Chemists seem to be the butts of Math jokes. It's probably because we work in the real world.
One upperclassman told me a story about Dr. van Hook, our Physical Chemistry (PChem, also known as something that almost rhymes with PhysChem) prof. He supposedly one day spent a while deriving an equation on the blackboard that had "log(this) and "log(that) and "log(some-other-thing)." He told all the math majors to close their eyes and when they did, he divided through by "log" to get the final equation. My kind of mathematician.
I think Dr. van Hook was older than most chemicals. He said he was the first Chemical Engineer to be licensed in he state of Idaho (I think it was), but there wasn't a category for Chemical Engineer so he was licensed as a Civil Engineer, which included being licensed to make surveys even though he knew nothing about surveying land!
Mathematicians and other practitioners of the Exact Sciences (like logic design) like to sneer at the Inexact Sciences, like chemistry and physics. Before calculators became common, practitioners of the Inexact Sciences often multiplied using logarithm tables, because they were more accurate than slide rules.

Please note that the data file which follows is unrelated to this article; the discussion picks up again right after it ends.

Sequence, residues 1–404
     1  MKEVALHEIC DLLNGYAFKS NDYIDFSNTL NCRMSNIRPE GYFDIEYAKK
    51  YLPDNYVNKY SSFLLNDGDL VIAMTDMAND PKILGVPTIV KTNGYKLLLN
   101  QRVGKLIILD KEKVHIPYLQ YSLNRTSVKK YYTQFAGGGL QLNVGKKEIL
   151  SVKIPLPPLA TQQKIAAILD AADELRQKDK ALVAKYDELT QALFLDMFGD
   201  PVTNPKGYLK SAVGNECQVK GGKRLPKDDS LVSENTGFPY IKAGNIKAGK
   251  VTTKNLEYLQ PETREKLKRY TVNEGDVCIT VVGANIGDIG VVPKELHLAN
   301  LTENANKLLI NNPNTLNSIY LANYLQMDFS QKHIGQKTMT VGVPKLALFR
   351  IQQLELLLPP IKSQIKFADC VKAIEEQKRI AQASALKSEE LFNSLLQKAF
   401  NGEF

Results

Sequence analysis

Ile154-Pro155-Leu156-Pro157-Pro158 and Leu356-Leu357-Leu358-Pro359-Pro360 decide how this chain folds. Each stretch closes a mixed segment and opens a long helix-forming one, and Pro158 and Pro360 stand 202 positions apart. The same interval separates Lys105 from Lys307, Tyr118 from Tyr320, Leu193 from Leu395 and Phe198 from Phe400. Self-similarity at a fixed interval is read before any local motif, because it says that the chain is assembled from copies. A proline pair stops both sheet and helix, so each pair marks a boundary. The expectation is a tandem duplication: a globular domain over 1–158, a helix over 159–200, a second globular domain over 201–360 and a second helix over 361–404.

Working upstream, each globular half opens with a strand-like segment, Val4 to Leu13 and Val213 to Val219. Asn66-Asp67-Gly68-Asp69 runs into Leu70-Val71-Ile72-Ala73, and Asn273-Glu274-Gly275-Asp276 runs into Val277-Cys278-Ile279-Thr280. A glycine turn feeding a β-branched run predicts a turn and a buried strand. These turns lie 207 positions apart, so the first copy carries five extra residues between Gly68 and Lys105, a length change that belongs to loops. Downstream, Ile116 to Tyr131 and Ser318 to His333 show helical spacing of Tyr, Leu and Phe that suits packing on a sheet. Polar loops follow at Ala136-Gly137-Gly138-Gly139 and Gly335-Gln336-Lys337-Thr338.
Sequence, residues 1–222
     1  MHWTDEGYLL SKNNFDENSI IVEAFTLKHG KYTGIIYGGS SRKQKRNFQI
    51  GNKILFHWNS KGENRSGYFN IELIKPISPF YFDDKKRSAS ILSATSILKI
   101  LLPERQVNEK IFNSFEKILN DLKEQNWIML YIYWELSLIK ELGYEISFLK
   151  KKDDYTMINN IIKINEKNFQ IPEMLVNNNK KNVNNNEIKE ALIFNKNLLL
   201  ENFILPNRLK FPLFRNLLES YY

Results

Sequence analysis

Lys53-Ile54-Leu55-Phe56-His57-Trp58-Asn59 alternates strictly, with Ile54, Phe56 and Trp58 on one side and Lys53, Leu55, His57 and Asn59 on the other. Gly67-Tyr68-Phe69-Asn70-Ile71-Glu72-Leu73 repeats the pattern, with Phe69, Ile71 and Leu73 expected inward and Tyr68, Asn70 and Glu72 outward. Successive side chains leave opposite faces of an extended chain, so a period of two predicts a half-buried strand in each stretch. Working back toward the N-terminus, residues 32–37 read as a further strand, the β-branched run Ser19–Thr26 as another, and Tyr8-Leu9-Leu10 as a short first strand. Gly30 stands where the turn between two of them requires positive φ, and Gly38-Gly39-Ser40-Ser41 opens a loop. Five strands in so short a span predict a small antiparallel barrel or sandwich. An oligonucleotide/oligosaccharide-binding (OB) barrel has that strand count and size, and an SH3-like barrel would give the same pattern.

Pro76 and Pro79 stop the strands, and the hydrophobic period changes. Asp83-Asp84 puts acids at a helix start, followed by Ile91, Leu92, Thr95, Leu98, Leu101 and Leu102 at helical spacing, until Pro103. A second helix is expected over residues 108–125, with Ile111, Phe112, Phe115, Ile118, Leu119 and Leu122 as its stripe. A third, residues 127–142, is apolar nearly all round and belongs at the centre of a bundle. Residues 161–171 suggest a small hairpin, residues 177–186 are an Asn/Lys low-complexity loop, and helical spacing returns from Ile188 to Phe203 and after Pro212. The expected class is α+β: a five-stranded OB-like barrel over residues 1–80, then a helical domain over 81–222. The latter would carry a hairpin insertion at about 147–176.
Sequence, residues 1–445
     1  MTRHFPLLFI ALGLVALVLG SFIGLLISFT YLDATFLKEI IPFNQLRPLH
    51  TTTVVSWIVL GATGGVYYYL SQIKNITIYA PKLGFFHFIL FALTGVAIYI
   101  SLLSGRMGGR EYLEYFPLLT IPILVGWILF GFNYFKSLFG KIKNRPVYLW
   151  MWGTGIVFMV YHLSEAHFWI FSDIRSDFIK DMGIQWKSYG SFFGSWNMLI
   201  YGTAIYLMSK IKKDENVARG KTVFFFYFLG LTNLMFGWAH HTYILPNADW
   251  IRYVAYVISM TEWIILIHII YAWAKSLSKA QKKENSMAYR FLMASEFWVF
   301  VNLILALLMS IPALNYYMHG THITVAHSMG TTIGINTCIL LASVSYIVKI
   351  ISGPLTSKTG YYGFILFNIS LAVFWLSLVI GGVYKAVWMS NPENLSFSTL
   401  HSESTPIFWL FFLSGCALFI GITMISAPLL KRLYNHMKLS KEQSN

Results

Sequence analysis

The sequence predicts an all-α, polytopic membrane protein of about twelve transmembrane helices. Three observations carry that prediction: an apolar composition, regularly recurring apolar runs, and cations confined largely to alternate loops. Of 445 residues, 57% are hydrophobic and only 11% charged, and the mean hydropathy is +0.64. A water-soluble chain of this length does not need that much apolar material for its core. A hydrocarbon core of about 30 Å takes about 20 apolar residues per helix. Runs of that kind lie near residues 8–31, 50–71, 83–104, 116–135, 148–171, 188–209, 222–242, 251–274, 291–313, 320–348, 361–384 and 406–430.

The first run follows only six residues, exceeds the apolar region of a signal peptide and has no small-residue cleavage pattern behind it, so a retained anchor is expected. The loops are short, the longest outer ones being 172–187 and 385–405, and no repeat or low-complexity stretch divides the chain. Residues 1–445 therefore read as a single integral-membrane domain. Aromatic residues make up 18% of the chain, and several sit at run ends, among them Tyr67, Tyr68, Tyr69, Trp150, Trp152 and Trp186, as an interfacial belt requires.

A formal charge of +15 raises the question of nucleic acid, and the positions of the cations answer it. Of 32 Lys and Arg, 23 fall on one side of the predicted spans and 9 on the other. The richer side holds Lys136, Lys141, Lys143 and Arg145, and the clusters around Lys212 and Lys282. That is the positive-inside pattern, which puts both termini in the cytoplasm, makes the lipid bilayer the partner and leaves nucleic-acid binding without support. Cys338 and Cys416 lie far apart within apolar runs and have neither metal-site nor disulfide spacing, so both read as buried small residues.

Here's the joke:
Two chemists need to multiply 2 times 3. One of them says: "OK, let's take the log of 2... and the log of 3... add them... take the anti-log... let's see... we get 5.99... well, call it 6."
What are the engineering and design challenges in creating successful IoT devices? These devices are usually small, resource-constrained electronics designed to sense, collect, send, and/or interpret data. Some of the devices need to be smart enough to act upon data in real time, 24/7. Specifically the guests will discuss sensors, security, and lessons from IoT deployments.